It's okay to say no. When in doubt, don't. Choose to be gentle and non-reactive. Walk softly. Stop being so judgmental. This is not your last lifetime and you are going to see some of these people again.
[UGH!! Noooo! I guess that means this standard behavior is out-- 1:05 mark]


Quiet time is imperative.

Mood swings are a signal that I am not grounded.

Be truthful with myself on all accounts.

So that's it for today. I will try to bring you something more entertaining soon.


Sunday, January 24, 2016

Lemmy


Wow.
All of our heroes are leaving. I guess we’re at that age; our rock gods are in their dotage and there are no new deities to take their place. The loss permeates our daily existence. I can’t even talk about how rock is dead anymore. We’ve talked the death of rock to death.

I have acceptance. I’ve mourned my neighborhood, my city, my subculture, all of it, for quite a while, and now I’m in a fairly serene mental state over it. I still mutter under my breath at screeching sorority girls when I’m walking through my neighborhood on a Saturday night, but for the most part I know it’s their hood now and that’s the nature of things. I’m old enough to stop taking the cycle of life so personally.

This December the world lost the one rock god I knew personally, Lemmy Kilmeister.  Many writers have listed his accomplishments and planet-wide influence, his integrity, intelligence, individuality, sense of humor and talent. There will never be another like him and it’s wonderful that much of the world knows it and mourns his passing. 
I have documented him often in this blog, and friends already know the stories well enough: CSFH toured with Motorhead in 1991 and the band was very good to us. It was a hilarious few months, and I learned more about being a proper rock musician during that brief time than in all my other earth-hours combined. Lemmy took a shine to me in particular, enough to mention a crush in his autobiography. I probably should have gone for it when he leaned in on our second night in London and whisper/growled into my ear, “I fancy you, Raffie.” But he scared me; I liked pretty boys that I could share clothes with and control. I politely declined.  He didn’t mind; he had plenty of other appealing opportunities, although he never gave up the good fight. We got close as we traveled and remained friends throughout his life. Not enough to speak on the phone regularly, I can't say I was one of his closest, but enough that I sent him text messages on birthdays and holidays, and saw him and the band when they played New York. After the shows Lemmy usually allowed me and a couple of his other female friends into the dressing room first. He liked the feminine attention; beyond that I think he simply wanted to unwind with people he knew before the inevitable hand-shaking and fielding of repetitive backstage comments and questions from mostly strangers. Whatever his reasons were, he treated me like a queen. He always made me feel special, he often said, “I love you.” upon parting.  I know I am not alone in this experience. The night Lemmy died I got a call from a mutual friend that he had left the planet some 10 minutes before. The friend wanted to tell me before it hit the public. I felt kind of room-spinny, overwhelmed by the information. I spent the rest of the night skimming the surface of my thoughts and emotions; not allowing myself to drop into the truth of it too deeply. I was afraid of the depth of that emotional hole. The next day I took irrational offense to any facebook post not having to do with him. How could people act normal or pay attention to their dumb food photos when he had died? I saw Lemmy three months prior, in September 2015 when Motorhead played Jones Beach. He was visibly not in the best of health: the show was short, they didn’t play a lot of the faster songs, and he seemed weary, his energy and body smaller than it used to be. Afterward he allowed only a very small inner circle into his dressing room, about five people, plus a couple of our guests. Lemmy’s dressing rooms were usually full of his exuberant energy, friends, fans, groupies, and food and alcohol--primarily his beloved Jack Daniels, surrounded by large bottles of Coke. I hate the hangover that comes from that combo but I drank it anyway when Motorhead played. Plus Lemmy would always let me nab his own newly made drink and quietly make another one for himself. I liked drinking his drinks rather than my own. It was another unspoken way in which he allowed me to feel special. This time there was no whiskey, no large tables of food or drinks for a horde. Just some cups and ice and vodka and Lem sitting down, looking weary. He said hi and got his hugs from everyone and we settled in. I poured myself a vodka on the rocks and sat across from him. I put my hands on his knees and looked him in the eyes and said, “How are you feeling?”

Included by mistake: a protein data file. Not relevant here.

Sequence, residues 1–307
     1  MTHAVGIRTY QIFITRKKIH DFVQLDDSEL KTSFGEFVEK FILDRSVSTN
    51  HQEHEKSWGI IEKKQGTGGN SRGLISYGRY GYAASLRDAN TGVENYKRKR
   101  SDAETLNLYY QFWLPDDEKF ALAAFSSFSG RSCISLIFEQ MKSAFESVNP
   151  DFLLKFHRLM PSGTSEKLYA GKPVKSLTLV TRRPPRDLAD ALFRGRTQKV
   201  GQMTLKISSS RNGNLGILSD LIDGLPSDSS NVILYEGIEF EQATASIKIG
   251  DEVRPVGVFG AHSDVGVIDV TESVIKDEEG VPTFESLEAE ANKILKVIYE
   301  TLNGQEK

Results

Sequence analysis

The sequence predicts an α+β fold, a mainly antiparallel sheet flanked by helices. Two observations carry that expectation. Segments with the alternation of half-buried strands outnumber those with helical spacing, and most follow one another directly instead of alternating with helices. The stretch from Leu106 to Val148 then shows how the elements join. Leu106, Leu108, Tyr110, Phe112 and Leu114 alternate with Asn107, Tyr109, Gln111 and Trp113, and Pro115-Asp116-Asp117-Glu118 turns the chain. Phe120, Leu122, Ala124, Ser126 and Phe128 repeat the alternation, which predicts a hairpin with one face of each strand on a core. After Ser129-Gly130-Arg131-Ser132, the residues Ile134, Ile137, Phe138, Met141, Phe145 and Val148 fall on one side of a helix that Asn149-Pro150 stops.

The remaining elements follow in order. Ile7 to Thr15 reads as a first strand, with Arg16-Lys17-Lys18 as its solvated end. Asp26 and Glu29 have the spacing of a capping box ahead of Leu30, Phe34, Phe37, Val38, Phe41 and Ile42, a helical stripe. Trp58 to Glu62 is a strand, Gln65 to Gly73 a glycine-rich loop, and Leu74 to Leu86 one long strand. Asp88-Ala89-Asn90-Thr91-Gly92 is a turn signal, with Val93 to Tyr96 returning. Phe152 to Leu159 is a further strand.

He cocked his head and said, “Eh…”

I said, “What are you gonna do?”

He replied, “I’m gonna keep going. Drop dead onstage.”

I said, “Okay, then.” And swung around and sat on his chair with him and took this selfie. I love his sweet and open expression here.


Everyone stayed for some chit chat and photos, but we were all conscious of overtaxing him, and didn't stay overlong. Before we left I looked deeply in his eyes and said, “I love you, Lem. Take care of yourself.” I worried afterward that I was too heavy in that goodbye, my demeanor too indicative of fear about his health instead of upbeat and encouraging. But it was how I felt at the moment and he knew it anyway.